Honi Advocates: international students’ rights

Honi Advocates aims to shed light on a particular policy or problem that we believe has been under-examined by the mainstream media. The first issue we would like to explore is international students’ rights.

When international students move to Australia to study they face a range of disadvantages. Those who receive only limited monetary assistance from home are left to finance their upfront fees, rent, and living expenses while studying. It is these unsubsidised fees that help pay for the rest of us to study. One of the greatest problems they face is finding affordable and appropriate accommodation.
Colleges remain woefully unaffordable for such students. After hundreds of dollars of application fees, membership, and bonds, the University of Sydney’s International House still charges $425 a week for its cheapest rooms. Because of visa restrictions, international students cannot work more than 20 hours a week, rent of that magnitude is often far beyond their means.
Locked out of the colleges and the other accommodation universities offer, students are forced to enter a rental market they have no experience with, in a city they don’t know. Most end up taking this plunge.
Overcrowding and negligent (or outright abusive) landlords are a common problem. When Stephen moved from Indonesia to study in Sydney at ACL College, he couldn’t afford the accommodation the college offered. Instead, he was forced to move into a two-bedroom apartment crowded with eight students. Research done on international students living conditions indicates Stephen’s is a common experience. According to a study of Chinese international students studying at UNSW: “[a] common experience was living in a partitioned space or common area rather than a proper bedroom….More than half (55%) of survey respondents self-reported having lived in accommodation in Sydney that they perceived to be shared by too many people.”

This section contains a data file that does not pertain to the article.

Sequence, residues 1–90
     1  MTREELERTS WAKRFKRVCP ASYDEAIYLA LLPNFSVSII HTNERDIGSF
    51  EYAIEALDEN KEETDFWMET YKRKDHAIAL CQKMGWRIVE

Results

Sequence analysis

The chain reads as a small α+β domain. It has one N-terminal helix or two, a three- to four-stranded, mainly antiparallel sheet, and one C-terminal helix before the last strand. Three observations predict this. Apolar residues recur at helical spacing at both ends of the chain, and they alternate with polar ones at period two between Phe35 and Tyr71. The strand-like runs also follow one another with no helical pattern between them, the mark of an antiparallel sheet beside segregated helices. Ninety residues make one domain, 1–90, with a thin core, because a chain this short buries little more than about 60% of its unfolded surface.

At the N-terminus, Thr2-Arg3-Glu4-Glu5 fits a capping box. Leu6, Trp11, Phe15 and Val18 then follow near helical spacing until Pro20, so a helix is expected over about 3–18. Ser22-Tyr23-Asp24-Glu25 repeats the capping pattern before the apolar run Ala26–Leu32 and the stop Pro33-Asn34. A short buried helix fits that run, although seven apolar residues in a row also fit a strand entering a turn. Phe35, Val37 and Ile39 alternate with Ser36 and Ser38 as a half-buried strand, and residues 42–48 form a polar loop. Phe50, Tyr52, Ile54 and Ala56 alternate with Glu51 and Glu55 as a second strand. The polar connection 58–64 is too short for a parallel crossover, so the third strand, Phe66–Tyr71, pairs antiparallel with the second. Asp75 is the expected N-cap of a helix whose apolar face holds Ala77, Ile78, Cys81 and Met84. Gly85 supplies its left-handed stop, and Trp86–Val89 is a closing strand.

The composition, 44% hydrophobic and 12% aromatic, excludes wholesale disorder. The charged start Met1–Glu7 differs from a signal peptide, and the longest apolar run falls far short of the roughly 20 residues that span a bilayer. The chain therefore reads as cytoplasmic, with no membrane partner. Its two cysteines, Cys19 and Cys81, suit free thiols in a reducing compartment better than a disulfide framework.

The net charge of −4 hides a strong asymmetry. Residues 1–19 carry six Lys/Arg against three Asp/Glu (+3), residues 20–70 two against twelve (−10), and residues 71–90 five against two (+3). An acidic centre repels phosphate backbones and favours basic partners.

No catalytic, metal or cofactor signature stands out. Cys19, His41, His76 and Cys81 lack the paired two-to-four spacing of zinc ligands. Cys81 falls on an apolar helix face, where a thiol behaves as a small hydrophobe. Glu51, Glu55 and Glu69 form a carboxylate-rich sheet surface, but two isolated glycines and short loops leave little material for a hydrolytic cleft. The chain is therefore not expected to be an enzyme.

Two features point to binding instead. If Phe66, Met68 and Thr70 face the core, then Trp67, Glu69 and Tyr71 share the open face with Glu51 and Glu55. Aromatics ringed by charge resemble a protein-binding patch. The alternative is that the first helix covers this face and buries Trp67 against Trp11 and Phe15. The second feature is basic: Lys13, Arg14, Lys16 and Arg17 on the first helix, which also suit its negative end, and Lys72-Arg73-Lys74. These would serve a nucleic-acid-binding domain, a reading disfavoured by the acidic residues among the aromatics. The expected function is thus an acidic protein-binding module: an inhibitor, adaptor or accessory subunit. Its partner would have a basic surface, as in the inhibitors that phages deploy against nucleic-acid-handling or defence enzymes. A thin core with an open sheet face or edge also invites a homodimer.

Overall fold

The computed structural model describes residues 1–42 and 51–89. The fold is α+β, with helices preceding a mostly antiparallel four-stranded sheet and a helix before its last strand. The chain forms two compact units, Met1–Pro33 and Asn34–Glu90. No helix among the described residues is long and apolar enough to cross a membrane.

For others, affordable accommodation comes in the form of homestays. According to Jay Ng, University of Sydney SRC International Student Officer, this option is problematic. “Some families don’t really care about the student, they just want the money,” she said. On top of this, Jay said, cultural misunderstandings can cause tensions and homestayers often complain of intolerance on the part of their hosts.
With universities struggling to provide enough affordable accommodation for domestic students, it’s a problem that will need serious time and resources to solve.

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